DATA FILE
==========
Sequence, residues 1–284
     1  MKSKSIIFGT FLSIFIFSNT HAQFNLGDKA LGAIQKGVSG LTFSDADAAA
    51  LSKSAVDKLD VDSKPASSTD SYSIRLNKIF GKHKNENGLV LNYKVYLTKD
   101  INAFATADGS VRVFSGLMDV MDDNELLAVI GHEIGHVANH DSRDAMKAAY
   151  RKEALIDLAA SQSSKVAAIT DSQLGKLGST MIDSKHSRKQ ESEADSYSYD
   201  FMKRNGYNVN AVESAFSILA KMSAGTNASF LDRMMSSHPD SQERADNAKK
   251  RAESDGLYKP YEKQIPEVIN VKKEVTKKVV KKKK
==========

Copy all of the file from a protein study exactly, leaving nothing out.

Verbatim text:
Sequence, residues 1–284
     1  MKSKSIIFGT FLSIFIFSNT HAQFNLGDKA LGAIQKGVSG LTFSDADAAA
    51  LSKSAVDKLD VDSKPASSTD SYSIRLNKIF GKHKNENGLV LNYKVYLTKD
   101  INAFATADGS VRVFSGLMDV MDDNELLAVI GHEIGHVANH DSRDAMKAAY
   151  RKEALIDLAA SQSSKVAAIT DSQLGKLGST MIDSKHSRKQ ESEADSYSYD
   201  FMKRNGYNVN AVESAFSILA KMSAGTNASF LDRMMSSHPD SQERADNAKK
   251  RAESDGLYKP YEKQIPEVIN VKKEVTKKVV KKKK